and an estimated $98 billion being lost by Latinos. And while families
are losing their life savings and the only major investment that they
own, policy makers are asking them to tighten their belts. But the
predator banks' CEOs are walking away with record remuneration. And
our policymakers are notable for their inaction: first on the predatory
lending that disproportionately affects Blacks and Latinos, and then on
offering relief so that homeowners remain homeowners, including in the
midst of this crisis.
Sadly, United for a Fair Economy isn't the only research organization
to find glaring and intolerable disparities in our society by race and
no appropriate public policies enacted to address them. Hull House
did a study that found that it would take 200 years to close the gap in
the quality of life experienced by black Chicagoans and white Chicagoans.
There has been no public policy initiative taken up by the mayor
or the governor of Illinois to begin closing that gap.
Several years ago, the New York Times published a finding that nearly
half the men between the ages of 16 and 64 in New
York City were unemployed. There was no initiative by the mayor
or the governor of New York to begin addressing such pain.
Every year, the National Urban League publishes a study, "The State
of Black America," in which the ills and disparities that persist
in this country are catalogued. Every year, the story is basically
the same. The United
States has a way to go that only public policy can
address. However, when Harvard University/The Kaiser Family Foundation
did a study on White attitudes about race several years ago, it found
that Whites have little appreciation for the reality of Black life in
from police harassment and intimidation, to imprisonment, to family income,
unemployment, housing, and health care. But without an appreciation
of the reality faced by many of our fellow Americans, the necessary public
policy initiatives to change those realities will find difficulty gaining
acceptance in the public discourse.
Additionally, compounding the problem, there is little public discourse
because the corporate press refuses to cover the deep implications of
the results of all these studies. I am convinced that if the American
people knew the truth of the conditions, change would surely follow. I
believe that to be the case because of the impact of the images of "Bloody
Sunday" on the passage of the Voting Rights Act. I believe
that to be the case because of the impact of the images of the Vietnam
War on the turn of the tide of public opinion against that War.
This moment sheds light on a much-needed discussion: on race and
the legacies of race and slavery and the continuing problems associated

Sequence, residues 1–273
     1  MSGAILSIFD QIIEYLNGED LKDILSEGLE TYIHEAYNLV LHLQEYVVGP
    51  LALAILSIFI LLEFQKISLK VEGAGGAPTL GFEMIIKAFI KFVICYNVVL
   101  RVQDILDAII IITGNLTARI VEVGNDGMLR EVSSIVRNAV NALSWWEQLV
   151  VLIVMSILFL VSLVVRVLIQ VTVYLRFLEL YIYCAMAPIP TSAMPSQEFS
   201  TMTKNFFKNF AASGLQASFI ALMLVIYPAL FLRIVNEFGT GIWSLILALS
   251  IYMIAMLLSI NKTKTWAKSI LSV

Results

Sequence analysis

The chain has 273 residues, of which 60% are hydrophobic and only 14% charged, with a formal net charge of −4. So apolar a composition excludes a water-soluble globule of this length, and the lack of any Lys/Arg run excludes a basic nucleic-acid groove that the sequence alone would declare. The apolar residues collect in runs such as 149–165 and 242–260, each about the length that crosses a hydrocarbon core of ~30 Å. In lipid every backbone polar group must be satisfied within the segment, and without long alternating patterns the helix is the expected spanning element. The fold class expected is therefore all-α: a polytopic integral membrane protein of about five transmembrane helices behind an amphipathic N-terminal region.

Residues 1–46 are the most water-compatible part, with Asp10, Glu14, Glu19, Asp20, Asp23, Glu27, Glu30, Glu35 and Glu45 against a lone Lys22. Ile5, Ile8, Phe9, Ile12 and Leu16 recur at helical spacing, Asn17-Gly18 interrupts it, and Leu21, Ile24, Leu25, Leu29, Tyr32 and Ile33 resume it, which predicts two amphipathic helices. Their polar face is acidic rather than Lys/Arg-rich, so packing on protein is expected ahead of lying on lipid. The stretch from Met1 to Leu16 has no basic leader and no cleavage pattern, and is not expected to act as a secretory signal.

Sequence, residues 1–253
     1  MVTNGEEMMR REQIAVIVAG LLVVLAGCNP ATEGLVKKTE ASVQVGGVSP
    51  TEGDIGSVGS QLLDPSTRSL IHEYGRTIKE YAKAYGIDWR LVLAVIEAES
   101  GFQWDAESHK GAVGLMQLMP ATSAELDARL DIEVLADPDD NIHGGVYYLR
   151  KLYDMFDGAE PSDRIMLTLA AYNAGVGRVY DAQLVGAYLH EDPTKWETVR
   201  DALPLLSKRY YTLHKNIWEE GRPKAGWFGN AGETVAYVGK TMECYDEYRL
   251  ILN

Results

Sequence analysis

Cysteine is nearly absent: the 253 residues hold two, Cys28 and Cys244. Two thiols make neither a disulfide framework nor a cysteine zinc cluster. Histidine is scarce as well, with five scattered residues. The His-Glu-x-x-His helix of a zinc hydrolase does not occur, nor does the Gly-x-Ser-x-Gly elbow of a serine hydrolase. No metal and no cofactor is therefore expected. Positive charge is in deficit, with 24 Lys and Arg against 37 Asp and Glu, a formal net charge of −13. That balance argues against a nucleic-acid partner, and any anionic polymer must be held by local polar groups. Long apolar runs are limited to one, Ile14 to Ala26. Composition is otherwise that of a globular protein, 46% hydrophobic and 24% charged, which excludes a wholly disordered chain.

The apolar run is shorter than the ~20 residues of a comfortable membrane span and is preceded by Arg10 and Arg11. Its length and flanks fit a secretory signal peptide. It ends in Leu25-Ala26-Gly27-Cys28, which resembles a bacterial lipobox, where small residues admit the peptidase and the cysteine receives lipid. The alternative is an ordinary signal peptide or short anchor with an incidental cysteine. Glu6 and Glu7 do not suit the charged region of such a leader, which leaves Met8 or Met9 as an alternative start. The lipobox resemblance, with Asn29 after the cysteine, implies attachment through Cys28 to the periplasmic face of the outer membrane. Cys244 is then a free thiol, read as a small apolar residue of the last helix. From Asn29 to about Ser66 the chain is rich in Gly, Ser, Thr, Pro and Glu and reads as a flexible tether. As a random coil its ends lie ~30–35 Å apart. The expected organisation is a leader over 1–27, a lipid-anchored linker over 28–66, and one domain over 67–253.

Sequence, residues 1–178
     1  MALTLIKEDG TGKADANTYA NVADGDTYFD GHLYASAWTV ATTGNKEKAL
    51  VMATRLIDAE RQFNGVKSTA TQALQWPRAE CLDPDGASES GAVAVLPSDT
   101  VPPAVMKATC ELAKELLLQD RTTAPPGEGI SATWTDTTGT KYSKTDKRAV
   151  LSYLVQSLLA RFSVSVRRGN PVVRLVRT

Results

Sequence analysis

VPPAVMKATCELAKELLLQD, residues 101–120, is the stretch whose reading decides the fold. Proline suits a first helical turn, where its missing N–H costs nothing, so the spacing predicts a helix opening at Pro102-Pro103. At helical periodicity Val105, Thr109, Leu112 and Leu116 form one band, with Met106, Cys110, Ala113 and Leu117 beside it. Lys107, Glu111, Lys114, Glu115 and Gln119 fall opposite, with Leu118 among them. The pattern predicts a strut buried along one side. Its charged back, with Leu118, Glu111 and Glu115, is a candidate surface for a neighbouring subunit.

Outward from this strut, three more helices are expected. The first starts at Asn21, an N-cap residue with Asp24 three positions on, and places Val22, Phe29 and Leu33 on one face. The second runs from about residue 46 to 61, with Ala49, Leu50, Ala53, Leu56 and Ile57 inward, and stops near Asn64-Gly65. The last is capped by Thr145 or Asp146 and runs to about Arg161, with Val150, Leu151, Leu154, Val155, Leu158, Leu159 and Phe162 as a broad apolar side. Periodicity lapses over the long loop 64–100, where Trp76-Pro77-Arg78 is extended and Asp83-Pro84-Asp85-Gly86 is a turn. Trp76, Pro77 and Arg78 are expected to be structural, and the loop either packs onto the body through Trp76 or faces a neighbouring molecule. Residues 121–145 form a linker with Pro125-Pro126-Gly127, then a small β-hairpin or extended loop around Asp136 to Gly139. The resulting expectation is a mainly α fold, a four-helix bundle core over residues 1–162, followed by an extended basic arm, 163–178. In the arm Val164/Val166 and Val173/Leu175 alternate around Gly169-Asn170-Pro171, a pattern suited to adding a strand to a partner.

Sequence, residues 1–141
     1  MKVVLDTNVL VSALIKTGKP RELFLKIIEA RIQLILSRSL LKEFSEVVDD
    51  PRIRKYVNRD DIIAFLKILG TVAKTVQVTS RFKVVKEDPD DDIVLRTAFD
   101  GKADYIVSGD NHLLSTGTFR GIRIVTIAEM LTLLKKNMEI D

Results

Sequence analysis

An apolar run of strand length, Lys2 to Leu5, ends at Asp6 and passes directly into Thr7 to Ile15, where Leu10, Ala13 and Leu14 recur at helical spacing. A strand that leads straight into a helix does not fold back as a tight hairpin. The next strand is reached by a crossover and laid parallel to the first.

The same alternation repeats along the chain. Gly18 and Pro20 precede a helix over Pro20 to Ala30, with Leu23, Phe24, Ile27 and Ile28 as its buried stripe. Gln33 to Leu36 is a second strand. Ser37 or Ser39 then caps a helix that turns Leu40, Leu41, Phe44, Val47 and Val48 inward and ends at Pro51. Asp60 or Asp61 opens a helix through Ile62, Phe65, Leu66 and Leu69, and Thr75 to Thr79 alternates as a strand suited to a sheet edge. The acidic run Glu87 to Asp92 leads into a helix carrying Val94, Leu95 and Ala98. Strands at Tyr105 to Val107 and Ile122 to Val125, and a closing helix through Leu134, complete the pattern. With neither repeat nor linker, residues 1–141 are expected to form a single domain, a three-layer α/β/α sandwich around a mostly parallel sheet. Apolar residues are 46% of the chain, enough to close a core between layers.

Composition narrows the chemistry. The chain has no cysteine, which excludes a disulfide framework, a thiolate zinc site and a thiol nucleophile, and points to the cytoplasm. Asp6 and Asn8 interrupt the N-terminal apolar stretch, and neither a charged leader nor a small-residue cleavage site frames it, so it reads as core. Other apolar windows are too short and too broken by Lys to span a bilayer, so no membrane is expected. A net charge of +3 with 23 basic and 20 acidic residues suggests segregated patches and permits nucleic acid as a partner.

with our failure to treat racism as a curable American disease.
I am glad that candidate Obama mentioned the existing racial disparities
in education, income, wealth, jobs, government services, imprisonment,
and opportunity. Now it is time to address the public policies necessary
to resolve these disparities. Now it is time to have the discussion
on how we are going to come together and put policies in effect that will
provide real hope and real opportunity to all in this country.
To narrow the gap between the ideals of our founding fathers and the realities
faced by too many in our country today: That must be the role of
public policy at this critical moment in our country today.
I welcome a real discussion of race in this country and a resolve to end
the long-standing disparities that continue to spoil the greatness of
our country. I welcome a real discussion of all the issues that
face our country today and the real public policy options that exist to
resolve them. That must be the measure of this campaign season.
For many voters, this important discussion has been too vague or
completely non-existent. Now is the time to talk about the concrete measures
that will move our country forward: on race, war, climate change,
the economy, health care, and education. Our votes and our political
engagement must be about ensuring that fairness truly for all is embodied
in "liberty and justice for all."
and US House Representative from the State of Georgia, Cynthia McKinney is a member of the Green
Party, running for the office of President of the United States. Her candidacy
has also been endorsed by the Reconstruction Party. You may obtain more
information at her official website.
Additionally, Cynthia McKinney is the author of Ain't
Nothin' Like Freedom.
here to contact Ms. McKinney.